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Get noisy, the chances are your newborn will love it

06 April 2018

Did you know that newborn babies actually sleep better in a noisy environment? Our Midwife Emma Cook explains why a noisy environment might actually help your baby get some much needed sleep.

When a baby is born their world suddenly quietens and sometimes, a baby may find this hard to get used to.

By maintaining the noises around your baby, you may be able to make them feel more relaxed and make it easier for them to fall asleep.

Noisy surroundings are what they are used to.

Why does noise help get your baby to sleep?

For nine months your baby has been listening to your heart beating, your stomach gurgling and the sound of you moving around.

You do not have to replicate these sounds exactly. But there is no need to tiptoe or whisper around your newborn either.

Just as the noise inside the womb was loud and constant, it is perfectly fine to go about your normal business while your baby sleeps.

Feel free to turn on the air-conditioner, washing machine or dishwasher. Many parents successfully get their cleaning done while their baby is sleeping.

There is no need to turn your TV down or your radio off - your baby is likely to find the constant background noise soothing.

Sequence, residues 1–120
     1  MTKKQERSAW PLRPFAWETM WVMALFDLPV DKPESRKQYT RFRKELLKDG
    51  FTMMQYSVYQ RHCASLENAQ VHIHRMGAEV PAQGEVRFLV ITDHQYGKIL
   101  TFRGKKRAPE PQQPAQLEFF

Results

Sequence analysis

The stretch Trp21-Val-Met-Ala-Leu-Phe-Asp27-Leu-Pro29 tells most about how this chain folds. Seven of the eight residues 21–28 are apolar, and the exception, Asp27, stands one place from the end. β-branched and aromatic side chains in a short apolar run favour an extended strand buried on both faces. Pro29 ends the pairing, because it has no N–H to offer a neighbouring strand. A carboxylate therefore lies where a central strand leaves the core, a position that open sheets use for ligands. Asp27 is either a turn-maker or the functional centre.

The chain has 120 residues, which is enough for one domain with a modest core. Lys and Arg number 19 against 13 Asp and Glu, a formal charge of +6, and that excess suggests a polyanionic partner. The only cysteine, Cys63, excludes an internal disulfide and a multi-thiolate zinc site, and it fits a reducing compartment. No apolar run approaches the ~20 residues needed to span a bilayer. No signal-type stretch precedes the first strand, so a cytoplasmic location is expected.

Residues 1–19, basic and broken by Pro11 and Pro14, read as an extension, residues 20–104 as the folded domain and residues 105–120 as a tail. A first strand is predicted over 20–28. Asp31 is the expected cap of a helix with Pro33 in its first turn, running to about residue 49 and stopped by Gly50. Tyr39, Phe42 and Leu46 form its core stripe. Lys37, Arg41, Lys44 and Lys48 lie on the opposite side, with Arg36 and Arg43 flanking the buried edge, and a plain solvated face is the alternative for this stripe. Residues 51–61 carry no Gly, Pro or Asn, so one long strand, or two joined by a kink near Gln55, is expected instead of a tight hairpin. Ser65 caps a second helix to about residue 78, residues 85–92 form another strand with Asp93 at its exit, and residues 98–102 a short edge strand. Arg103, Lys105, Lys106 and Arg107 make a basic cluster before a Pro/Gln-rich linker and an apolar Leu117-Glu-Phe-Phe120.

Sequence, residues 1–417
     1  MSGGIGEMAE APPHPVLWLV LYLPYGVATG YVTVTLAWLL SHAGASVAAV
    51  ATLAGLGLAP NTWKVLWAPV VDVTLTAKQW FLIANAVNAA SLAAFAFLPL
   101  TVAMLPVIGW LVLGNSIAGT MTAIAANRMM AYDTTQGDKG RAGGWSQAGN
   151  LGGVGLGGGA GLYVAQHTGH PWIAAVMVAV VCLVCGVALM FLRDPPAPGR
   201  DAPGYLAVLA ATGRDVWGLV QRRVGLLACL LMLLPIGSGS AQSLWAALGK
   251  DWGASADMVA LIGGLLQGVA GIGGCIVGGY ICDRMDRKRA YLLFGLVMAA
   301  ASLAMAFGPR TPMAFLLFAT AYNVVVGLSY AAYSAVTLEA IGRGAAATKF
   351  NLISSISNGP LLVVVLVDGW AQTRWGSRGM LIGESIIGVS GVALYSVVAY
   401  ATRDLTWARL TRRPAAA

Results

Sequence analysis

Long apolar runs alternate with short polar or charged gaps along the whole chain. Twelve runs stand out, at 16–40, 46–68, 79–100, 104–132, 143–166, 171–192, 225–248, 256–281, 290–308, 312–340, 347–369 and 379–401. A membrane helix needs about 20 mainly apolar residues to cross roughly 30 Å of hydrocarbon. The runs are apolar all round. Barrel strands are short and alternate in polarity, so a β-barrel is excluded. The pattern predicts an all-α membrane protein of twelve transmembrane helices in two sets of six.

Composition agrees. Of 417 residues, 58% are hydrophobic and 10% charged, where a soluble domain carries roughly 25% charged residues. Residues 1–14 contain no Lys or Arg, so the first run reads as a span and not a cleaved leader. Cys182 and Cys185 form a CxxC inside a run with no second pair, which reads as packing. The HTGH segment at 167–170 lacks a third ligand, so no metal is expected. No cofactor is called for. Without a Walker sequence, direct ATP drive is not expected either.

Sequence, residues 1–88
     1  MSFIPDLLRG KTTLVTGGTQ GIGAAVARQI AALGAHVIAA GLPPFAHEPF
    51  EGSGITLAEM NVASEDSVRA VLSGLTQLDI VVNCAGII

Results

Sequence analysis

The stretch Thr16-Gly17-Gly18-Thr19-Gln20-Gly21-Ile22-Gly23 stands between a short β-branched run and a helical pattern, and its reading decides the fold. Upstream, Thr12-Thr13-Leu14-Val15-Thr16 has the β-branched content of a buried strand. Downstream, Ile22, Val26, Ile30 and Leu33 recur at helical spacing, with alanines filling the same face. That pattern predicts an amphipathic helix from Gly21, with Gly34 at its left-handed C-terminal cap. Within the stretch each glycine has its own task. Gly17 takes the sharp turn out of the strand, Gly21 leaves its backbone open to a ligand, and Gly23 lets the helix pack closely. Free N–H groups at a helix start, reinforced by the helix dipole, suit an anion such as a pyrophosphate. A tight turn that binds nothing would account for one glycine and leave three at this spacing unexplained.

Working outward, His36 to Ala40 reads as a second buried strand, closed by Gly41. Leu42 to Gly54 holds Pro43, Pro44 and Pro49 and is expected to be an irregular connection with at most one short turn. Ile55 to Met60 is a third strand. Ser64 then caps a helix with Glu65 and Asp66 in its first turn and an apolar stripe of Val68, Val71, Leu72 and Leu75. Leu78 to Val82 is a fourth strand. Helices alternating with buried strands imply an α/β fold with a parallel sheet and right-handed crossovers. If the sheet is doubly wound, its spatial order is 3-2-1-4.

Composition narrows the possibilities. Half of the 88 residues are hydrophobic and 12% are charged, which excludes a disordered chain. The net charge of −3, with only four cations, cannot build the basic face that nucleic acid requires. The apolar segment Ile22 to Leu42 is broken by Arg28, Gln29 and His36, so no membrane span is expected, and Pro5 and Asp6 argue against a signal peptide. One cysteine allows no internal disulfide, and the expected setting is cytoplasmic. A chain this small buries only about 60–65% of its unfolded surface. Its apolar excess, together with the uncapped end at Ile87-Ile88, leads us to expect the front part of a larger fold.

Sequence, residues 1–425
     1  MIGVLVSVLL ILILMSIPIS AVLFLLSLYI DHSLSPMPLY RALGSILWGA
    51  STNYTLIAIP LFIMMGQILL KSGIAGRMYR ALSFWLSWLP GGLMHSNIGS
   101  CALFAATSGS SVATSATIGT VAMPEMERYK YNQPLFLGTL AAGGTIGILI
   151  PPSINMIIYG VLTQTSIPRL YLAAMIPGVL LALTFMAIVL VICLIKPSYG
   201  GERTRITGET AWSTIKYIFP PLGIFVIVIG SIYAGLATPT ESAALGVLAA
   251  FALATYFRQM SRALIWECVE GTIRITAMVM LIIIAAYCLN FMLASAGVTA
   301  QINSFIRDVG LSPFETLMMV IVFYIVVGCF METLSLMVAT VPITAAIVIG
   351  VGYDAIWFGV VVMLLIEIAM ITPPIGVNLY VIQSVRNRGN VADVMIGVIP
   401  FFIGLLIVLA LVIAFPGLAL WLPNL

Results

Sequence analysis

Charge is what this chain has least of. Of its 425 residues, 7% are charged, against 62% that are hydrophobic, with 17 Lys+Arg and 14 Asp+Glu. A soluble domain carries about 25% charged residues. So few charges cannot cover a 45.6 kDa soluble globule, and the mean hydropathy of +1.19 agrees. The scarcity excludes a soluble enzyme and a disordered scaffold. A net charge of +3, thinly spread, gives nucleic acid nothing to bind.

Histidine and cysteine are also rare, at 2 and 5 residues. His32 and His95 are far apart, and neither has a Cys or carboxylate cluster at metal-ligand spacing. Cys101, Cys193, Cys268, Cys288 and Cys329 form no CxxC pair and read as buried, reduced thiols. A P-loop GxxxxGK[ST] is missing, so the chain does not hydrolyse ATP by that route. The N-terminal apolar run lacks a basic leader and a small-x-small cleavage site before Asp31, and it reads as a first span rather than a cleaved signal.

It’s true that when a baby is in the dreaming phase of their sleep cycle, known as Rapid Eye Movement (REM), a sudden loud noise such as a cough or sneeze might cause them to wake and require re-settling.

Think of that as the exception, not the rule, and try to embrace noise around your newborn baby.

Don't forget to rest too 

And remember, many newborn babies are nocturnal. It is normal for them to sleep during the day and be awake at night during their first six weeks.

So, give yourself a break, ditch the chores and sleep when your baby sleeps.

Your rest is important too.

St John of God Health Care Emma Cook
Emma Cook - Director of Nursing

Emma Cook has almost 20 years’ experience in a variety of clinical and nursing executive roles at St John of God Mt Lawley Hospital.

Emma is a registered nurse and midwife and holds a Bachelor of Science (nursing) and Diploma in Midwifery as well a Masters in Health Care Services and a Graduate Certificate in Leadership and Catholic Culture.